Data breaches play a major role in both identity theft and credit card fraud.
1,244 data breaches occurred in 2018 exposing almost 450-million records containing information that could identify an individual, as well as exposing over 1.68 billion other records such as email addresses and usernames.
The problem with all existing consumer privacy laws is that the consumer must opt-out. That puts the burden on the consumer to monitor how their private data is used or abused. “Opt-in” consumer privacy puts control of the consumer’s privacy back in the hands of the consumer.
It is a necessary part of businesses to collect and store data on its customers in order to serve their customers well. That’s not the issue. The issue is what happens to personal data entrusted to a business. When businesses sell small bits of a consumer’s information, all of these bits, called data points, are consolidated into large databases. These data points are then used to create a digital profile of a person down to the smallest detail. Facebook alone is said to have 52,000 data points on each of its users.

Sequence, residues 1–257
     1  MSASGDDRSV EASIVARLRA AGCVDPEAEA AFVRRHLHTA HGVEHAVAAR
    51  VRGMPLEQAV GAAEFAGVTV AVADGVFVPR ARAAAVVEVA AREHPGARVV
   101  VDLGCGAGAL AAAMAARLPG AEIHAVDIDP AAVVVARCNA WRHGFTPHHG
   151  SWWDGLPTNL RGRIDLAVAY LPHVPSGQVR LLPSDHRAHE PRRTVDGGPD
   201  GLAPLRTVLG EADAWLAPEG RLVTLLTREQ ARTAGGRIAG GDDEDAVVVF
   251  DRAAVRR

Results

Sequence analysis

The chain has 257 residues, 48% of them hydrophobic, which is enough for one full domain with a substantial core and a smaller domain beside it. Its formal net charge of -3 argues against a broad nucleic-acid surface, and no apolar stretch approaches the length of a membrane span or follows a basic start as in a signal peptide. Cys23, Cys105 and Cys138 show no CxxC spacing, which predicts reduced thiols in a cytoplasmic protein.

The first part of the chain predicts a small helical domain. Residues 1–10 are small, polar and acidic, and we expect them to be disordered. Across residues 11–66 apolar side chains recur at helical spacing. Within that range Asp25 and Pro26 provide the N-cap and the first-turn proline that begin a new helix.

We need legislation establishing that a consumer’s personal data is the exclusive property of the consumer and as such would make it unlawful to sell a consumer’s data for profit without the consumer’s explicit consent.
The legislation would make opt-ins the default rather than opt-outs. In the process of asking the consumer to opt-in, the consumer shall be given the opportunity to correct any errors and choose specifically which personal data may be shared and which specific data points may not.
The legislation would also prohibit and nullify any default or automatic opt-ins or “right to sell your personal data” clauses in user agreements
The legislation would provide for the enforcement; provides civil penalties; and preempts home rule.